The state's Republican-controlled House of Representatives has cleared the way for Indiana to become the first right-to-work state in the traditionally union-heavy Rust Belt.
The House voted 54-44 Wednesday to make Indiana the nation's 23rd right-to-work state after Democrats ended a periodic boycott which had stalled the measure for weeks. The right-to-work proposal would ban unions from collecting mandatory fees from workers.
Indiana would mark the first win in 10 years for national right-to-work advocates who have pushed unsuccessfully for the measure in other states.
The measure is expected to face little opposition in the Republican-controlled Indiana Senate and could reach Republican Gov. Mitch Daniels' desk shortly before the Feb. 5 Super Bowl in Indianapolis.
Republicans have struggled with similar anti-union measures in other Rust-Belt states like Wisconsin and Ohio where they have faced a massive backlash. Ohio voters overturned Gov. John Kasich's labor measures last November and union activists delivered roughly 1 million petitions last week in an effort to recall Wisconsin Gov. Scott Walker.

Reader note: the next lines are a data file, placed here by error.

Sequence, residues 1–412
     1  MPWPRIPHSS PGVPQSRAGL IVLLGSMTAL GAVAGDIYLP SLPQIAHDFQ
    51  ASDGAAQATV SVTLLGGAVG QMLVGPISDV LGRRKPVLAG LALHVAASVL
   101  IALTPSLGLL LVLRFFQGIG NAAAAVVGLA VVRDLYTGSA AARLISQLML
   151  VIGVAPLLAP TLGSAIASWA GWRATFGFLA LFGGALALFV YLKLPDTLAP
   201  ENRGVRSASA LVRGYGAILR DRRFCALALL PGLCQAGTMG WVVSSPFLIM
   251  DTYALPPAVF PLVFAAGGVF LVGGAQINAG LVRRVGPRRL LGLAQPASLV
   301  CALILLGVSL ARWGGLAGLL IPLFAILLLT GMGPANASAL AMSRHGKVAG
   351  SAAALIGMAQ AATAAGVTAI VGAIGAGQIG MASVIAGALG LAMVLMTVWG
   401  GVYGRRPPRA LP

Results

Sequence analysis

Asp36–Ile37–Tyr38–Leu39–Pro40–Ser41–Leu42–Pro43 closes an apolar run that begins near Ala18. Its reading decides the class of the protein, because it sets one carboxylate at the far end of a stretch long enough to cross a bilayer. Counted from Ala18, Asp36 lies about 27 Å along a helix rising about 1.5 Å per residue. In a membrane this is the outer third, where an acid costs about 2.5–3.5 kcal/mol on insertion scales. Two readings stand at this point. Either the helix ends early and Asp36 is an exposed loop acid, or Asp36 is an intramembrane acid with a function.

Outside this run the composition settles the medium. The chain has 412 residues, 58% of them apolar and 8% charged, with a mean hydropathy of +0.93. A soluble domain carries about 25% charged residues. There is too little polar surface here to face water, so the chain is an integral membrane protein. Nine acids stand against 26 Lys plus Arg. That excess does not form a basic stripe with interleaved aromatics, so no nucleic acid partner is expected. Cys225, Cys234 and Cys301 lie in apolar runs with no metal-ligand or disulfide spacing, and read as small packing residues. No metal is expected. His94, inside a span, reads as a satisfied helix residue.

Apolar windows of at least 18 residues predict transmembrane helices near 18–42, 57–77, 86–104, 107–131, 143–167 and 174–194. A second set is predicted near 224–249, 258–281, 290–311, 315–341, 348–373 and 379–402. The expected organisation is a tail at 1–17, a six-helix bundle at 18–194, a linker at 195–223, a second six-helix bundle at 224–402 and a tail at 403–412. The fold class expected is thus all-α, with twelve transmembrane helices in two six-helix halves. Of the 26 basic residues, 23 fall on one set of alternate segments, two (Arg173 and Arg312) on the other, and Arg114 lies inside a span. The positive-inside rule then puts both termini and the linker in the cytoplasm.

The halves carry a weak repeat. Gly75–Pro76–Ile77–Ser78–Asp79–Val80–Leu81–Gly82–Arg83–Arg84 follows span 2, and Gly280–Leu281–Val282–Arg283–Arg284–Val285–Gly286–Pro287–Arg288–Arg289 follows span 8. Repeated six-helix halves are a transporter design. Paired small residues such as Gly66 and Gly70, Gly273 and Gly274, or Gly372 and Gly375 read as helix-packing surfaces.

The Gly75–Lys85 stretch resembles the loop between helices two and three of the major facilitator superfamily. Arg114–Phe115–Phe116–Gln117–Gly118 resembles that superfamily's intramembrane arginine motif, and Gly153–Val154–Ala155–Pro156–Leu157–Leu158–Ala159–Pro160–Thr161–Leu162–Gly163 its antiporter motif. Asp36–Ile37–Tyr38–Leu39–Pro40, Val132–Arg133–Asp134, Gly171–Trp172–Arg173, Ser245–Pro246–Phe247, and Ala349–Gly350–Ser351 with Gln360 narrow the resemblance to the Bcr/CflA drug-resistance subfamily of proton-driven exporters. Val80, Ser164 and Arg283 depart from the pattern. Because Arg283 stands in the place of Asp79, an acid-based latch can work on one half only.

Hundreds of union protesters packed the halls of the Statehouse again Wednesday, chanting "Kill the Bill!" and cheering Democrats who had stalled the measure since the start of the year.
"We did better than anybody ever expected," House Minority Leader Patrick Bauer told The Associated Press before debate began on the issue, adding that outnumbered Democrats fought the best they could in the divisive labor battle.
Republicans foreshadowed their strong showing Monday when they shot down a series of Democratic amendments to the measure in strict party-line votes. Democrats boycotted again for an eighth day
Republicans handily outnumber Democrats in the House 60-40, but Democrats have just enough members to deny the Republicans the 67 votes needed to achieve a quorum and conduct any business. Republican House Speaker Brian Bosma began fining boycotting Democrats $1,000 a day last week, but a Marion County judge has blocked the collection of those fines.
The measure now moves to the Indiana Senate, which approved its own right-to-work measure earlier in the week. Gov. Mitch Daniels has promoted the bill and said he would sign it into law.